Overall, across the 209 signatories in 2021, levels of female representation ranged from as low as 11% all the way up to 70% with the global and investment banking industry having the lowest average at 26% and the lowest average target of 31%.
More than a third of the 209 signatories had met or exceeded their targets by the end of the year, but they had an average target of 35%, lower than the overall average of 37%.
There was also evidence that once firms fall behind their target they do not catch-up – 76 organisations had a 2021 deadline of which 31 missed their target and most had already fallen behind prior to 2021.
Signatories were asked if they had reviewed the actions they were taking to achieve their targets to ensure they were inclusive to women across all diversity strands.
While 83% answered yes, most of the responses outlined general actions beyond female representation, rather than how they were testing the inclusivity of their charter actions.
Most signatories were taking a siloed approach to diversity strands, and commonly extended or replicated existing programmes, which were often put in place to deliver charter targets, to under-represented groups.
‘Heed the alarm’
New Financial partner Yasmine Chinwala and senior adviser Jennifer Barrow, who were lead authors of the review, concluded that progress was mixed in 2021 and put 10 points forward for the industry to consider.
“On the upside more signatories met their targets, raised their ambition on targets and expanded their focus on diversity data; but on the downside year-on-year progress stalled at 33% female representation in senior management,” they said.
The 10 discussion points raised included:
- Step up in challenging circumstances: The industry will require diverse perspectives more than ever, in order to innovate and respond to those in need, and to increase productivity of the workforce as a whole.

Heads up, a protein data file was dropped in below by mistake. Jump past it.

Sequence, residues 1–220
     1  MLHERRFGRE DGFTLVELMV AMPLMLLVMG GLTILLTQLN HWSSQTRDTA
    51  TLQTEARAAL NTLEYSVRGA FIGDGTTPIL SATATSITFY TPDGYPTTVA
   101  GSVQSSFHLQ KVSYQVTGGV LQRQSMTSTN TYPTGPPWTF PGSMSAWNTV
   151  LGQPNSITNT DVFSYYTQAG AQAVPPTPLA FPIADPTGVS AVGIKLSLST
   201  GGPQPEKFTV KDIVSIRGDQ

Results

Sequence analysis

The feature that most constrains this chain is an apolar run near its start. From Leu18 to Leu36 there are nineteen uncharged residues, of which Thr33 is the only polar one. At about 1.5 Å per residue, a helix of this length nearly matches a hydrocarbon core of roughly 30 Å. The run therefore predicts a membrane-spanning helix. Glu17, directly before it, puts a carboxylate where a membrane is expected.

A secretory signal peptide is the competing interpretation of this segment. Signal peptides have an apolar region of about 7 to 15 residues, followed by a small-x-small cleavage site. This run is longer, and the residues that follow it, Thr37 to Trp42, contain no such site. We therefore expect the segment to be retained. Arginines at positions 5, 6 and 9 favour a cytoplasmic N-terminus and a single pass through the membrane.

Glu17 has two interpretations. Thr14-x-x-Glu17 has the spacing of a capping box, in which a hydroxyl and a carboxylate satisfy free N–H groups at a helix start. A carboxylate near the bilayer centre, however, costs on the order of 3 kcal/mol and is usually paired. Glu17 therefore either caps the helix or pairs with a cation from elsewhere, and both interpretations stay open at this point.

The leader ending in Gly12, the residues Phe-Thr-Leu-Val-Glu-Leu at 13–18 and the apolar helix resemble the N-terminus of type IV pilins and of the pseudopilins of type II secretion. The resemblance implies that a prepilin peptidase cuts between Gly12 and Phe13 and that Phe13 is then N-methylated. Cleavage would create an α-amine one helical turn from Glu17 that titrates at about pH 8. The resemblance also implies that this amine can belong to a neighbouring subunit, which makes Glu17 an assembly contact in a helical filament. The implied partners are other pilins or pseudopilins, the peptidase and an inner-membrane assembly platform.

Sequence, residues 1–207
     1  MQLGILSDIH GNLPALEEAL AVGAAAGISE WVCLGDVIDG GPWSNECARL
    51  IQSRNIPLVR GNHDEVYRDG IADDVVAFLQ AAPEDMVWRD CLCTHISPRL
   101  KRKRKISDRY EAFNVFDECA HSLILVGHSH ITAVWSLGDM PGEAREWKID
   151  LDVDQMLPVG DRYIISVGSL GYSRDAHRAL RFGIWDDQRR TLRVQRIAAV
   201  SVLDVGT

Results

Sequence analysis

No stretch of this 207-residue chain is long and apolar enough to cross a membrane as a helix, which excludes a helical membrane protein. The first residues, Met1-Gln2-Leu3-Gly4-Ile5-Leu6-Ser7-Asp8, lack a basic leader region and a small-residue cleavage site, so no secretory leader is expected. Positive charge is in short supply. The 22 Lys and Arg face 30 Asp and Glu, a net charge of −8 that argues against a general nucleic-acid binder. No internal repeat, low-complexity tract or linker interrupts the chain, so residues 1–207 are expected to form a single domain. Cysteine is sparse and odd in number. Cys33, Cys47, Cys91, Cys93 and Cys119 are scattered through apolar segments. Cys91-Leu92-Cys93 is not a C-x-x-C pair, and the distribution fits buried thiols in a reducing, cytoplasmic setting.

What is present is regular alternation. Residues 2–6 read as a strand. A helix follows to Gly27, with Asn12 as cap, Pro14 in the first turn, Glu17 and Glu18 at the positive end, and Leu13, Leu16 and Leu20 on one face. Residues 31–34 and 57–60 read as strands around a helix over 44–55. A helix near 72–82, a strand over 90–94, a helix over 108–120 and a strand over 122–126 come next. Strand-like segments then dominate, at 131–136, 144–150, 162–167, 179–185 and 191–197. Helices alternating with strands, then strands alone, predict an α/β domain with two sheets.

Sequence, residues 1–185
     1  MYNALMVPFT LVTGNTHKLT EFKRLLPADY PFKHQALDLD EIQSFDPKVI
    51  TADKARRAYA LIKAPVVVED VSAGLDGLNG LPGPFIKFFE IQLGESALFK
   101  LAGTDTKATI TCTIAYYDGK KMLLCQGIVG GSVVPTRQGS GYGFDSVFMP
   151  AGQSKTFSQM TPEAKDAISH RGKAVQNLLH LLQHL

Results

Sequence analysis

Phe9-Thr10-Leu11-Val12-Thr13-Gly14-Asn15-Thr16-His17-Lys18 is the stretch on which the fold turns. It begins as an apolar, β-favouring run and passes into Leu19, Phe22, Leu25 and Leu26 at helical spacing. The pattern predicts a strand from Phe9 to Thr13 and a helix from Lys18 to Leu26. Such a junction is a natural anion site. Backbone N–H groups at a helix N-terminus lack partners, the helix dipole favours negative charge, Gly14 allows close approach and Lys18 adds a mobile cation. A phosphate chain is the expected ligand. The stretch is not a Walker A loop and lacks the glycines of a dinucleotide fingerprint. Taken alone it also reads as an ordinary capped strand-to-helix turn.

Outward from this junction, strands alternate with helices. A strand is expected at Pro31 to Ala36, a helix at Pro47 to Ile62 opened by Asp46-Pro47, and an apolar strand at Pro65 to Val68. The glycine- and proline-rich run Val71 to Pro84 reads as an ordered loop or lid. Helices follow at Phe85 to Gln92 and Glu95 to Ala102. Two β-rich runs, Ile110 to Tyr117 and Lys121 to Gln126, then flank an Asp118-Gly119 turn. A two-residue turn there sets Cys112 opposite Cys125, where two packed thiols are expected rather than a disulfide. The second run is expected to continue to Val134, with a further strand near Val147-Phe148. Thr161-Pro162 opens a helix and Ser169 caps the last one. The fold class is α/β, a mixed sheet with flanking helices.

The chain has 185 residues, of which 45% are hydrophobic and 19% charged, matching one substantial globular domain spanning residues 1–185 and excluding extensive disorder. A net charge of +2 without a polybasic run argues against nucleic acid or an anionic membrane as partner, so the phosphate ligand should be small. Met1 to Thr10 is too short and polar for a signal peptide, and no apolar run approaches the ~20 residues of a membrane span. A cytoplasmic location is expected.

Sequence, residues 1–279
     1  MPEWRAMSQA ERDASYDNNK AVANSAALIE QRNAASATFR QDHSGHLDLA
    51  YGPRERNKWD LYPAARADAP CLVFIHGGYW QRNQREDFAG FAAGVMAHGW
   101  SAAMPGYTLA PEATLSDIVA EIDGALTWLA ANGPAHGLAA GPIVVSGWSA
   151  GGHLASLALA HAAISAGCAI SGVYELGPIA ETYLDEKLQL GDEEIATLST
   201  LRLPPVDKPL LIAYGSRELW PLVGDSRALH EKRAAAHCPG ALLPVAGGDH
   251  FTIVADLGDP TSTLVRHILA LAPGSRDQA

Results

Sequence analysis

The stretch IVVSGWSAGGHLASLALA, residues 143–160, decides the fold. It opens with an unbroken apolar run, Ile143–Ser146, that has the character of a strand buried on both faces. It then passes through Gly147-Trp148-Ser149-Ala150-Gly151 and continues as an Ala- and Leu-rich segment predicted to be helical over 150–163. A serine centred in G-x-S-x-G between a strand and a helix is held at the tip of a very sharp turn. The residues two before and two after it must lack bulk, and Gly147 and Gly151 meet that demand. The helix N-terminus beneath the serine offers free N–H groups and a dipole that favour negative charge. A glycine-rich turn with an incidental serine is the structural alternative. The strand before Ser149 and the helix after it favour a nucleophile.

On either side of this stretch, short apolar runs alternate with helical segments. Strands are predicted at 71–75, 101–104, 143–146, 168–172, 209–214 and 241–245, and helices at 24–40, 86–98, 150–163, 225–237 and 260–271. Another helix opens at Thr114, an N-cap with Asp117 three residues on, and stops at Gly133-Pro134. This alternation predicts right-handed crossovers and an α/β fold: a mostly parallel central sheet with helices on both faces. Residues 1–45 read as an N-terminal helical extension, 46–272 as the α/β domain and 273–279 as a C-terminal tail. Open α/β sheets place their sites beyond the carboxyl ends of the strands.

- Heed the alarm: This slowdown needs to be a clarion call for action –to redouble efforts on data, accountability and building a sustainable pipeline – because as this Annual Review shows, once companies fall behind it is difficult to catch up.
- Prepare for a steep climb: While it has not been easy to shift female representation from the low 20s to 33% today, moving from 33% to parity means taking on the toughest challenges – such as cultural change, misrecognition and misevaluation of merit, and defaulting to like-for-like experience rather than skills when hiring. These areas are complicated, resource intensive and will require sustained effort and leadership.
Economic secretary to the Treasury, John Glen said: “Diverse representation and gender equality in the financial services sector is good for business, good for investors and reduces barriers to growth and enterprise.
“I welcome this year’s progress, but settings targets is just one part of the process – I am today calling on firms double-down on their to commitments and continue to deliver greater gender-equality in the workplace.”